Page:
By David Fong
Regional Sports Content Manager
COVINGTON — The Transitive Property of Equality tends to work a whole lot better in mathematics than it does with football.
Which is to say that just because “Team A” beats “Team B” and and “Team B” beats “Team C,” then “Team A” could beat “Team C.”
Still, though, given the scores by which the Marion Local football team beat its opponents on its way to a Division VII state championship last season after getting past Covington in the regional semifinals, one could make an awfully strong argument that had Covington managed to beat Marion Local, the Buccaneers would have rolled to a state championship last fall.
After Marion Local slipped past Covington 35-28 in the regional semifinals, the Flyers destroyed its next three opponents en route to a state championship — rolling past Triad (50-0) in the regional finals, St. John’s (35-6) in the state semifinals and Trimble (33-0) in the state title game — an average score of 39.3-2.0 the final three games of the season.
In fact, it could be argued the Buccaneers gave the Flyers their most competitive game of the season. Of the 15 teams Marion Local played last season, only three — Covington, St. John’s (in a regular-season contest) and Anna — kept Marion Local’s margin of victory less than four touchdowns. On the season, the Flyers outscored the opposition by an average score of 35.2-7.5.
All of which served to make Covington’s agonizingly close loss to Marion Local in the playoffs that much more painful.
In a game filled with twists and turns, Covington’s season — and, a speculative state championship — came down to one play.
With the game tied 28-28 and 1:20 left to play in the fourth quarter, Marion Local faced a fourth-and-10 from its own 49. Rather than punt the ball, Marion Local coach Tim Goodwin rolled the dice and elected to go for it. Quarterback Adam Bertke — who will be playing at the University of Pittsburgh this fall — hit receiver Austin Albers over the middle for a 15-yard gain, giving Marion Local a crucial first down.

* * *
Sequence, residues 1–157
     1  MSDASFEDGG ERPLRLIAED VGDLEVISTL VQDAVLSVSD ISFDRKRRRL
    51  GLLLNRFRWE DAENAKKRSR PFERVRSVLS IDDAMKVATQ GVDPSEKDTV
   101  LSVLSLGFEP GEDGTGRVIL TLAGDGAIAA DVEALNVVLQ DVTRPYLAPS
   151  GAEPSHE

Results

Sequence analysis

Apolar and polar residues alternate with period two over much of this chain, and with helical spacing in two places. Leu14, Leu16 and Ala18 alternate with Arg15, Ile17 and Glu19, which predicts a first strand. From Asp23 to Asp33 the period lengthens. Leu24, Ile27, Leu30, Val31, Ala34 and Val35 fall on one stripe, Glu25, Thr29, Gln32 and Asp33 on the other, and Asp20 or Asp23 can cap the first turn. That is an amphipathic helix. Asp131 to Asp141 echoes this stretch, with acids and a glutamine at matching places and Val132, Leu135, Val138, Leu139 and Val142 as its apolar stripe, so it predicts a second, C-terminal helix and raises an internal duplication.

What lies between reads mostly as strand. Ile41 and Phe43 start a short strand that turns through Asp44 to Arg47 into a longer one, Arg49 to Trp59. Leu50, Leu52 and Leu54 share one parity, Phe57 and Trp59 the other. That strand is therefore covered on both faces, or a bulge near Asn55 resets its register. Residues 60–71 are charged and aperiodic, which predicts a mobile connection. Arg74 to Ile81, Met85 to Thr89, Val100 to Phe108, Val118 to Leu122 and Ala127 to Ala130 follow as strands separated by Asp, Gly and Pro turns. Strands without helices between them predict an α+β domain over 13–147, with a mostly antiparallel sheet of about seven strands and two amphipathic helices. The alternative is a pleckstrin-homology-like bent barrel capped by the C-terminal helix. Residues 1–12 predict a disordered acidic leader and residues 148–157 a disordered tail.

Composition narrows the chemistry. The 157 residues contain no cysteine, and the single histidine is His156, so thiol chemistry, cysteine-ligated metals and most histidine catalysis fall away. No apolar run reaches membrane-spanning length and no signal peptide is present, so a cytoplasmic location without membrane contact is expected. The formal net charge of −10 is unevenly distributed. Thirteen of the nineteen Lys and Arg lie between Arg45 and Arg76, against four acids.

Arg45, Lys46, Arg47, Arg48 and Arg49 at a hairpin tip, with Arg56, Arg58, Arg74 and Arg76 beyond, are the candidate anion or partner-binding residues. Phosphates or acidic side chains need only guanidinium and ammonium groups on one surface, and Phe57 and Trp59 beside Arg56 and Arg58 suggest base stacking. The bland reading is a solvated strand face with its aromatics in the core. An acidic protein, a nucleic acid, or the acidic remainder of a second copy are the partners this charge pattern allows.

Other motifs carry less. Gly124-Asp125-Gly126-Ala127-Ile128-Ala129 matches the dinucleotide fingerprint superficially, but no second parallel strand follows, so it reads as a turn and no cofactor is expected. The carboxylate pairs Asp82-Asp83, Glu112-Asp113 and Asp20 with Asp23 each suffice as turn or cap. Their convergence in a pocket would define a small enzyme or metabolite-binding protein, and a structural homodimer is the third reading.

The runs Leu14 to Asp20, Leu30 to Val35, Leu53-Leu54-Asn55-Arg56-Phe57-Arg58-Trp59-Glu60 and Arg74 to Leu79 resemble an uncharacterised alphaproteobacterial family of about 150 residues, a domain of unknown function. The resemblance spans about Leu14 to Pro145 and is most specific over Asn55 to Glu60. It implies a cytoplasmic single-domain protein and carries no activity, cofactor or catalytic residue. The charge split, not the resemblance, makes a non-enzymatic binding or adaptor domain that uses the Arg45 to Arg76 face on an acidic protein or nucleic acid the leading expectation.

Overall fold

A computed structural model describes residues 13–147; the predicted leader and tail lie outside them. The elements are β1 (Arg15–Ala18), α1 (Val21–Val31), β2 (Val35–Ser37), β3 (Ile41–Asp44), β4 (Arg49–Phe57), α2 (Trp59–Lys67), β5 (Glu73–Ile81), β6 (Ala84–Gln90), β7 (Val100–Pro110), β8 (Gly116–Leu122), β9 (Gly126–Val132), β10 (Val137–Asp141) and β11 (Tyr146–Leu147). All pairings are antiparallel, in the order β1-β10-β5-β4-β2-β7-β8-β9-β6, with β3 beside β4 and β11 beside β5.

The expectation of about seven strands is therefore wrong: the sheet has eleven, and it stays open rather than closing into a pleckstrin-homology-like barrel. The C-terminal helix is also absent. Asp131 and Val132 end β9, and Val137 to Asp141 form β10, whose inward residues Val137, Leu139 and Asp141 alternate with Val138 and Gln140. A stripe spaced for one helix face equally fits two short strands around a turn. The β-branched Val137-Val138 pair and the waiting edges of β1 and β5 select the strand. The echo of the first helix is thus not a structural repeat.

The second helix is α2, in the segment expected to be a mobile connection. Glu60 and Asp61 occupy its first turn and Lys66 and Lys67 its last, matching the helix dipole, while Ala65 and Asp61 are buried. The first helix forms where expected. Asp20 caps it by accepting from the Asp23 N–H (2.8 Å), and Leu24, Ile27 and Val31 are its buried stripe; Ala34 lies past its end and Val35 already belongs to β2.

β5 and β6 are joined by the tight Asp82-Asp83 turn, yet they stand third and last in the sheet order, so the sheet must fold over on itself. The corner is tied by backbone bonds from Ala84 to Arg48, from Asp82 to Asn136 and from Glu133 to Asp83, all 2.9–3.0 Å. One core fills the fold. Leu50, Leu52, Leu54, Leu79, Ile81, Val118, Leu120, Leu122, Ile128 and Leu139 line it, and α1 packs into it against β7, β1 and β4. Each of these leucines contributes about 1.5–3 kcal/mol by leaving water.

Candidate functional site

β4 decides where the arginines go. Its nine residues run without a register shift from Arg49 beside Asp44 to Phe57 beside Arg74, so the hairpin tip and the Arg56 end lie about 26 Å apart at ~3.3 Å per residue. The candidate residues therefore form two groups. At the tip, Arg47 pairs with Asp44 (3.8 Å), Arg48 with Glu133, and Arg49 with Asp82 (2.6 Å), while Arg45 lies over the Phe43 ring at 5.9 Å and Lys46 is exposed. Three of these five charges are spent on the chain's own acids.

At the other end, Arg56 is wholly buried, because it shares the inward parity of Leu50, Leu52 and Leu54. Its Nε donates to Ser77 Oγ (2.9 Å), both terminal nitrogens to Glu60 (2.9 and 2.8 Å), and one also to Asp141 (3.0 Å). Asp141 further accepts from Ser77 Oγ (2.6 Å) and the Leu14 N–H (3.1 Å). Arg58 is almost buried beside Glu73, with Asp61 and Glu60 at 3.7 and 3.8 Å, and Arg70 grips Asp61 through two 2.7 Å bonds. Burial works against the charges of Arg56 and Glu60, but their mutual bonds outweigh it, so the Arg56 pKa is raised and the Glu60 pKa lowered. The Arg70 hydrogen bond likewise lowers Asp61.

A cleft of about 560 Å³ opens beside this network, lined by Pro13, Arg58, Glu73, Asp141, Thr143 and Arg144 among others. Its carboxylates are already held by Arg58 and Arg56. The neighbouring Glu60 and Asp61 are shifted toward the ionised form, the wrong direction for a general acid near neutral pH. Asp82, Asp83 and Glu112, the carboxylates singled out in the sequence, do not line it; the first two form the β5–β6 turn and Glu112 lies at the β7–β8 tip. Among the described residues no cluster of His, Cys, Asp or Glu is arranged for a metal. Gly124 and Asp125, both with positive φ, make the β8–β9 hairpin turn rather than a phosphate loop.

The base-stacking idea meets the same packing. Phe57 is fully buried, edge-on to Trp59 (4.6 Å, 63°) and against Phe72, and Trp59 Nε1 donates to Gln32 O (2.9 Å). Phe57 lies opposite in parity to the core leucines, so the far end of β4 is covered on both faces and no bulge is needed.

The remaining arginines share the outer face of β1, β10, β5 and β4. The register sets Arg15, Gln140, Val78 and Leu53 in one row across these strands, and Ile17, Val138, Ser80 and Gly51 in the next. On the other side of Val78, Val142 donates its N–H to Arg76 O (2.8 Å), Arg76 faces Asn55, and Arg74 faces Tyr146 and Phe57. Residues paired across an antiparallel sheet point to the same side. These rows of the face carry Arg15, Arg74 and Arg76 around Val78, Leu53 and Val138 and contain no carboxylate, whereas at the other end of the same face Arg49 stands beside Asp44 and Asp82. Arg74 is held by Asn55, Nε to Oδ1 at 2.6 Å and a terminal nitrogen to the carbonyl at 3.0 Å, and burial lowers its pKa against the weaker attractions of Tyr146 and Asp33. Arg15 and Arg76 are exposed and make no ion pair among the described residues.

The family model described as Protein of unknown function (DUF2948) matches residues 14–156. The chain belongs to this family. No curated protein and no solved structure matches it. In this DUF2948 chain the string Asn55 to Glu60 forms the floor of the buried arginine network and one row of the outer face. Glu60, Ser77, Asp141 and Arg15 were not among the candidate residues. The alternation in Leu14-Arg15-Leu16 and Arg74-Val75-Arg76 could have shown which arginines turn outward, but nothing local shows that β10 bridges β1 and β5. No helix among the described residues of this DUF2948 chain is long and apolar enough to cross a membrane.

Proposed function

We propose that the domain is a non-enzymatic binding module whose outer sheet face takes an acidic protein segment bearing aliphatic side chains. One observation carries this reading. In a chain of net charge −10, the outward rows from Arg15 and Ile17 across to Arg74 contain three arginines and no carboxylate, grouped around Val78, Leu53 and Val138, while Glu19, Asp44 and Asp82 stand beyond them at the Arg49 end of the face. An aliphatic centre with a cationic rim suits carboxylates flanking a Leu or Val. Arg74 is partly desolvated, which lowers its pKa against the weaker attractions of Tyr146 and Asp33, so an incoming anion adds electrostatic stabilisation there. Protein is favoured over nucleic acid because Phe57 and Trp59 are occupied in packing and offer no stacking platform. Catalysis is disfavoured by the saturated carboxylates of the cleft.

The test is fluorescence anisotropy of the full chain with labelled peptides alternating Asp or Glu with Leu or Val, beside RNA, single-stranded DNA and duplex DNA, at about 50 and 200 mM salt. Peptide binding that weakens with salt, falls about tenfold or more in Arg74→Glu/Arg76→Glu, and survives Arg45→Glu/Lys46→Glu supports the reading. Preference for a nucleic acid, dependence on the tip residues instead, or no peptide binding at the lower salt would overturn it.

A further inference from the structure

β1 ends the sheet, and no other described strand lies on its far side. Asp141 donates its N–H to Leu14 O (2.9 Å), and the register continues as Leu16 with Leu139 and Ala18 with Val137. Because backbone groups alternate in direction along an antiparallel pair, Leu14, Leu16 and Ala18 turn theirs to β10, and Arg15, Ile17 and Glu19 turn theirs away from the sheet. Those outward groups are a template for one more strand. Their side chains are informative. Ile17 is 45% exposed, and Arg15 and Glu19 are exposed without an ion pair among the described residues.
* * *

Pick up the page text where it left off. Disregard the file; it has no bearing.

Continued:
Three plays later, Bertke found Troy Homan in the end zone on a 4-yard touchdown pass to give the Flyers a 35-28 lead with 29 seconds left to play in the game and ice the game.
Had Marion Local not been able to convert that crucial first down at midfield, there’s no telling where the game — or Covington’s season — may have gone.
Certainly a case could be argued that the Buccaneers would have been able to take the ball down the field and score in regulation — or possible win the game in overtime — because Marion Local simply had no answer for Covington running back A.J. Ouellette, who finished the game with 231 yards on 24 carries, with touchdown runs of 51 and 41 yards.
Of course, that was just a pretty typical performance for Ouellette in 2013.
After rushing for 2,434 as a junior, Ouellette followed that up by rushing for 2,533 yards in just 30 quarters (7.5 games) worth of action in 2013, frequently sitting out the second half of games in lopsided Covington victories. For his career, Ouellette set nearly every school rushing record, finishing with 7,498 career all-purpose yards, 5,475 career rushing yards, 99 career touchdowns and 672 career points scored.
With Ouellette leading the way, Covington — as has become custom in recent history — decimated the competition during the regular season on its way to a fourth-straight Cross County Conference title and its fourth undefeated regular season in a row. During the regular season, Covington outscored the opposition by an average score of 44.9-7.3
Covington’s roll continued through the first round of the playoffs, smashing Portsmouth Notre Dame 46-0 in the Division VII regional quarterfinals.
That set up the fateful meeting with Marion Local — and left many wondering “what might have been.”
“I just can’t say goodbye to them. I don’t want to have to say goodbye,” Covington coach Dave Miller said in the moments following the heartbreaking loss to the Flyers. “I love my kids, and I wanted 15 weeks with them. I wanted us to go all the way so I could be with them for three more weeks. That’s what I’m going to miss.”
Contat David Fong at firstname.lastname@example.org; follow him on Twitter @thefong